The final round of testing for chronic wasting disease (CWD) found no signs of the deadly deer disease in Missouri. After some 22,000 tests completed in 2004, Missouri is still officially CWD free.

"This doesn't necessarily mean we don't have it, it just means we haven't found it yet," Hansen said. "CWD is still a concern of ours."

A case of CWD was recently reported in Kansas, Missouri's neighboring state to the west. Two other border states, Illinois and Nebraska, have also produced deer that tested positive for the disease.

"We're fortunate that these cases of CWD in our neighboring states were all found in the outer perimeters of these states, still a good distance from Missouri," Hansen said. "Hopefully, CWD will not be an issue we will have to deal with any time soon."

WHERE TO GO IN 2006

The best place to go deer hunting in Missouri in 2006 depends quite a bit on what you want to achieve on your hunt. If you're looking for bucks of older age-classes, then the 29 counties that have been in the antler point restriction program for going on three years is the place to look for your big antlered buck. If you're looking to see numbers of deer, anywhere north of the Missouri River, central Missouri or in the prairie counties of west-central Missouri are your best bets. Also, don't overlook the urban reaches of St. Louis and Kansas City for good deer numbers and big antlered bucks. However, gaining access to these urban areas is often the most difficult part of hunting them.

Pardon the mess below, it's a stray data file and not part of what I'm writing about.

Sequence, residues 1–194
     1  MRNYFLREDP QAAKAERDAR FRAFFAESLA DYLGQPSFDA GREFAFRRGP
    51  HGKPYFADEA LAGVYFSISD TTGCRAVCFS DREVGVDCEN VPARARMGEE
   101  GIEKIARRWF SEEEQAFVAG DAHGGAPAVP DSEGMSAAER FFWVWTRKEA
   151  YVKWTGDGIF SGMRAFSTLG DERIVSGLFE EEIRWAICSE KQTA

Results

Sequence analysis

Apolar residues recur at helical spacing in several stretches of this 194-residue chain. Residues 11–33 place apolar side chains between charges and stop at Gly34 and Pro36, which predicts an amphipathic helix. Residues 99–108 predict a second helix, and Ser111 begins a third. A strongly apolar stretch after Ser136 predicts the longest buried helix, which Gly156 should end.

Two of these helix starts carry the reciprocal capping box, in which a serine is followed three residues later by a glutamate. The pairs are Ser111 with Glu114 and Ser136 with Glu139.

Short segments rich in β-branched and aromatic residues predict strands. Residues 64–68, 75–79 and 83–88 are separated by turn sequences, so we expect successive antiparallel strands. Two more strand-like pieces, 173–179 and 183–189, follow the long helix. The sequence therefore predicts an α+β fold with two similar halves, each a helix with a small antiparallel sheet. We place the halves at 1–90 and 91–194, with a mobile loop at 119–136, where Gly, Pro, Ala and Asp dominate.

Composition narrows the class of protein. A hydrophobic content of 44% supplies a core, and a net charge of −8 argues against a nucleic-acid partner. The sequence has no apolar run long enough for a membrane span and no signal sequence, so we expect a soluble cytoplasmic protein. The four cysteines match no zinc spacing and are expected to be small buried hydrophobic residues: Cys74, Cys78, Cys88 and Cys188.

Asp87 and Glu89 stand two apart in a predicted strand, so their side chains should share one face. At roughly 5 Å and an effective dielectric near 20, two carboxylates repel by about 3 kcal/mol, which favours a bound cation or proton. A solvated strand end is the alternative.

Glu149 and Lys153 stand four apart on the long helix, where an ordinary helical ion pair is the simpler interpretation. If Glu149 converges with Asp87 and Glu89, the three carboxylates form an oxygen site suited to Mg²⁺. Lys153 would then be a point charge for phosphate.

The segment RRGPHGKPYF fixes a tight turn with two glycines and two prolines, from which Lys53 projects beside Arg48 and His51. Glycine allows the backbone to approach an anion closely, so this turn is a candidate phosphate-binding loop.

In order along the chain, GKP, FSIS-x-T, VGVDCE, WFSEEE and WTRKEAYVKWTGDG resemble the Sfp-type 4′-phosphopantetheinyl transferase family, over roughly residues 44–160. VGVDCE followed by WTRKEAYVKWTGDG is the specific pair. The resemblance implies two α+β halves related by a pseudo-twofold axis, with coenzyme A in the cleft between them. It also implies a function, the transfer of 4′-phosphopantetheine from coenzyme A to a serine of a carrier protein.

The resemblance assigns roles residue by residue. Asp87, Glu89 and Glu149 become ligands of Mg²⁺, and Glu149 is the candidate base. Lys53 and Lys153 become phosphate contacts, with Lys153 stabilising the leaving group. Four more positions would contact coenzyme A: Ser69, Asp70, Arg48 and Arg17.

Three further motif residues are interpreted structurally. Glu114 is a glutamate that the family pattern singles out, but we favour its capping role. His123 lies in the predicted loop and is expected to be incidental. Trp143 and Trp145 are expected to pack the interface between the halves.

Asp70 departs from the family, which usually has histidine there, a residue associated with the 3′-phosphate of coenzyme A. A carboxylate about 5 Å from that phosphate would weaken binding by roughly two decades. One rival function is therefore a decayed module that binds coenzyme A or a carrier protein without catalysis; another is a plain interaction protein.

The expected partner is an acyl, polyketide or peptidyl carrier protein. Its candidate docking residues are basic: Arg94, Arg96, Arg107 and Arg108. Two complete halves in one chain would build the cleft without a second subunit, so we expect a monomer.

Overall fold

When it comes right down to it, the question of what the best deer hunting venue in Missouri might be is a relative one. Realistically, the best place to go is wherever you h

ave permission to go. For some, this might be public land, for others a prime lease. For all of us, it should be wherever we can spend quality time with our friends and family members enjoying God's great outdoors. Filling tags is just icing on the cake.

(Editor's Note: The author is editor of Missouri Deer Hunter Magazine. Reach him for comments by visiting www.modeerhunter.com.)

Find more about Missouri fishing and hunting at: MissouriGameandFish.com

Magazine Cover

GET THE MAGAZINE Subscribe & Save

Temporary Price Reduction

SUBSCRIBE NOW

Give a Gift   |   Subscriber Services

PREVIEW THIS MONTH'S ISSUE

GET THE NEWSLETTER Join the List and Never Miss a Thing.

Get the top Game & Fish stories delivered right to your inbox every week.